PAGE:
The money market is a good place for individuals, banks, other companies, and governments to park cash for a short period of time, usually one year or less. It exists so that businesses and governments that need cash to operate can get it quickly at a reasonable cost, and so that businesses that have more cash than they need can put it to use.
The money market is a component of the economy that provides short-term funds. The money market deals in short-term loans, generally for a period of a year or less.
As short-term securities became a commodity, the money market became a component of the financial market for assets involved in short-term borrowing, lending, buying and selling with original maturities of one year or less. Trading in money markets is done over the counter and is wholesale.
There are several money market instruments in most Western countries, including treasury bills, commercial paper, banker’s acceptances, deposits, certificates of deposit, bills of exchange, repurchase agreements, federal funds, and short-lived mortgage- and asset-backed securities. The instruments bear differing maturities, currencies, credit risks, and structures. A market can be described as a money market if it is composed of highly liquid, short-term assets. Money market funds typically invest in government securities, certificates of deposit, commercial paper of companies, and other highly liquid, low-risk securities. The four most relevant types of money are commodity money, fiat money, fiduciary money (cheques, banknotes), and commercial bank money. Commodity money relies on intrinsically valuable commodities that act as a medium of exchange. Fiat money, on the other hand, gets its value from a government order.
Money markets, which provide liquidity for the global financial system including for capital markets, are part of the broader system of financial markets.
Benefits of the money market:
- The money market contains financial associations and traders in money or credit who desire to borrow or lend. Members borrow and lend for short times, generally up to or less than one year. The money market remains focused on interbank lending in which banks borrow and gives loans to one and another with the help of commercial paper, repurchase agreements, and related tools. Finance companies usually fund themselves by permitting a massive quantity of asset-backed commercial paper (ABCP), protected by the pledge of suitable assets, into an ABCP instrument.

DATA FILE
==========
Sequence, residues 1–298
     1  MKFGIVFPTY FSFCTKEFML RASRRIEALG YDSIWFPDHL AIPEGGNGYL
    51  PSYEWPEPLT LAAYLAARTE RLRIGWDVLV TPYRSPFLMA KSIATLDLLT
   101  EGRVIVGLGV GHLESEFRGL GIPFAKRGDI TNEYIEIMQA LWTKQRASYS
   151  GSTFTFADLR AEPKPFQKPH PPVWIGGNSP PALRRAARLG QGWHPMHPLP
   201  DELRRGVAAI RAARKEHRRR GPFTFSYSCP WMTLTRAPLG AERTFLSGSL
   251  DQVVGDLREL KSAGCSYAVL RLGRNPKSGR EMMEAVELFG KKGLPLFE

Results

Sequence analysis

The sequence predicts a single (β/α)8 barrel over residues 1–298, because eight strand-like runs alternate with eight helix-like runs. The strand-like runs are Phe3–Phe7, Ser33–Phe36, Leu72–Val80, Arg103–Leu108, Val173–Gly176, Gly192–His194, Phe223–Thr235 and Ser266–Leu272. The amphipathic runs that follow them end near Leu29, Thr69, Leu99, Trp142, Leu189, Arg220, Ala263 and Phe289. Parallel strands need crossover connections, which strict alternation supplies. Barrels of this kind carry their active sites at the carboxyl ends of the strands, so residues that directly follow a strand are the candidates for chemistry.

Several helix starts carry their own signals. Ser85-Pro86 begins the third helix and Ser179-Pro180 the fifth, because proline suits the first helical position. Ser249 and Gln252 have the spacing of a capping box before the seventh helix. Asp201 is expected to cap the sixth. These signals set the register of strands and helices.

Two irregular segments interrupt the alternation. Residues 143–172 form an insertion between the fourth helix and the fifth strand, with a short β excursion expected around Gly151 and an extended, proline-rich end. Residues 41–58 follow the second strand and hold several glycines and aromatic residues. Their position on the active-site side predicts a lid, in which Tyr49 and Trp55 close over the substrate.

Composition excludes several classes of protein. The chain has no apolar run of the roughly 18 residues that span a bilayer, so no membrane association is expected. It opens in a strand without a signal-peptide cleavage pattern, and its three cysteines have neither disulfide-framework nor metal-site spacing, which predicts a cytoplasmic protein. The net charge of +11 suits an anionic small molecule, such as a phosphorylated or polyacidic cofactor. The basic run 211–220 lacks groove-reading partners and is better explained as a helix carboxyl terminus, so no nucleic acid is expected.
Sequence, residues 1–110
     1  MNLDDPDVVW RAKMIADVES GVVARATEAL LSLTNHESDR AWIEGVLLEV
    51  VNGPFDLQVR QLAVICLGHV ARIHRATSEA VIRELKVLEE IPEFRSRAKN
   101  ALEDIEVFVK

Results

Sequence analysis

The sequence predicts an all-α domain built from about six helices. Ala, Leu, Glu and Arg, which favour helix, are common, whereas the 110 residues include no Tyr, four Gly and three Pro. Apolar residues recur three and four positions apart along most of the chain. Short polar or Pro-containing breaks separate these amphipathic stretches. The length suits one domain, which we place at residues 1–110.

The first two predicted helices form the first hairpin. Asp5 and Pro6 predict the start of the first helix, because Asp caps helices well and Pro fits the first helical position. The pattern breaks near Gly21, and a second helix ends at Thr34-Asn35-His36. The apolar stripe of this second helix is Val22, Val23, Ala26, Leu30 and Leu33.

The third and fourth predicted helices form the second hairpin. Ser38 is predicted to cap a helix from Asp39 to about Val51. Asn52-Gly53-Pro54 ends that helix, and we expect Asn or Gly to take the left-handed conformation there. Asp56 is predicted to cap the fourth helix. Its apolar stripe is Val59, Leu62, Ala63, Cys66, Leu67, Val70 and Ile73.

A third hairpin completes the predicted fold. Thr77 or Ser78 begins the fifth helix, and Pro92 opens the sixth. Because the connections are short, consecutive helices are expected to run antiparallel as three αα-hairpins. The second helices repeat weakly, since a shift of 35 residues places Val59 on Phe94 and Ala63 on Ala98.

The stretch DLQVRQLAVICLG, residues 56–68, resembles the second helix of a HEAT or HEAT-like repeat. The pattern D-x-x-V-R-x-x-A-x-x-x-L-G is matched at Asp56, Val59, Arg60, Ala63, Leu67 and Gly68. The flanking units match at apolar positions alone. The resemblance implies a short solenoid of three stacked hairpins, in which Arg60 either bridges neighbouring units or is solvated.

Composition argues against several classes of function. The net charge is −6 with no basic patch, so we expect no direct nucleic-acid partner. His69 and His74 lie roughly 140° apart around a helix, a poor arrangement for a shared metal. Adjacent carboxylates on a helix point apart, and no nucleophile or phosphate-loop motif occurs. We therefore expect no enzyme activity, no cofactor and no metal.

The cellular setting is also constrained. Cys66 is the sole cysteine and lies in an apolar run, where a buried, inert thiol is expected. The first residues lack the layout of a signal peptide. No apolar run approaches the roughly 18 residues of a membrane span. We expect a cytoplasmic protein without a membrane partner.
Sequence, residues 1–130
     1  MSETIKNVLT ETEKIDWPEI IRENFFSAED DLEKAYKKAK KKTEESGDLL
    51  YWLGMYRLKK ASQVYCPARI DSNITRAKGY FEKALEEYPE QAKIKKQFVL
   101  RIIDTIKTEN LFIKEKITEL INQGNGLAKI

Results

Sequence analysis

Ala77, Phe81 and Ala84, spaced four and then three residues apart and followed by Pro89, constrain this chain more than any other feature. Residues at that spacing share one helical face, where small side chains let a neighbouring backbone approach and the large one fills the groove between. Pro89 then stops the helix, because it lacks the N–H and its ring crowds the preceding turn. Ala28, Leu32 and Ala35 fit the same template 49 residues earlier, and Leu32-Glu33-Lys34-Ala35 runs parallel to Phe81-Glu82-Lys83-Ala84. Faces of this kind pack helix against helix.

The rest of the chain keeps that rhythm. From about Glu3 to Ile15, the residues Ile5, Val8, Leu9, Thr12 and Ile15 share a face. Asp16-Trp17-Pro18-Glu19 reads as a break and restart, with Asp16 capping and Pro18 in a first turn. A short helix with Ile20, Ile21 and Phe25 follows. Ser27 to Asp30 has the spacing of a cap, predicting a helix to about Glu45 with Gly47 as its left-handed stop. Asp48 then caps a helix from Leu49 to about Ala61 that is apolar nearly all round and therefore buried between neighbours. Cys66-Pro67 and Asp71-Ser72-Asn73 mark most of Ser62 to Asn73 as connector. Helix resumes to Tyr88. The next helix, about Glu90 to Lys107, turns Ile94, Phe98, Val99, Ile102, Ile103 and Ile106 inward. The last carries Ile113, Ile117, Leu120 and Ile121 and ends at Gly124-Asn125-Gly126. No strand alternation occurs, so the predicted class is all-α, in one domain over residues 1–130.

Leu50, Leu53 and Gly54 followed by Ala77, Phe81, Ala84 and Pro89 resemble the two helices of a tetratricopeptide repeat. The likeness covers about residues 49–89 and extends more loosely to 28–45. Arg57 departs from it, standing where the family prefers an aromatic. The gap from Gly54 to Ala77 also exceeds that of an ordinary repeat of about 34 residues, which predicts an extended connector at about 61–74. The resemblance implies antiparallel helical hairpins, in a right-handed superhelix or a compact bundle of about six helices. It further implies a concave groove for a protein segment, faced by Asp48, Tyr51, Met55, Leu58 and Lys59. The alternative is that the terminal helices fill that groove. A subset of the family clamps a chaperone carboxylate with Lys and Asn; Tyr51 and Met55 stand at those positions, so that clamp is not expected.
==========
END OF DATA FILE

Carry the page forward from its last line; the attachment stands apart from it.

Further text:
- Money market investors usually invest in administration securities, certificates of deposit, commercial papers of corporations, and other less-risky securities.
- The money market has a fundamental role in financing local and international trade. The money market allows commercial banks to use their additional funds in gainful investments. The primary purpose of commercial banks is to make income from their funds and keep liquidity to gather the unsure cash order of its depositors. When an emergency occurs commercial banks can fulfill their necessities by using their previous short-run loans from the money market.
- Although the central bank can work and persuade the banking system in the lack of a money market, the survival of a developed money market smoothes the functioning and strengthen the central bank’s capability.
A capital market is a financial market in which long-term debt (over a year) or equity-backed securities are bought and sold, in contrast to a money market where short-term debt is bought and sold. Capital markets channel the wealth of savers to those who can put it to long-term productive use, such as companies or governments making long-term investments.[a] Financial regulators like Securities and Exchange Board of India (SEBI), Bank of England (BoE) and the U.S. Securities and Exchange Commission (SEC) oversee capital markets to protect investors against fraud, among other duties.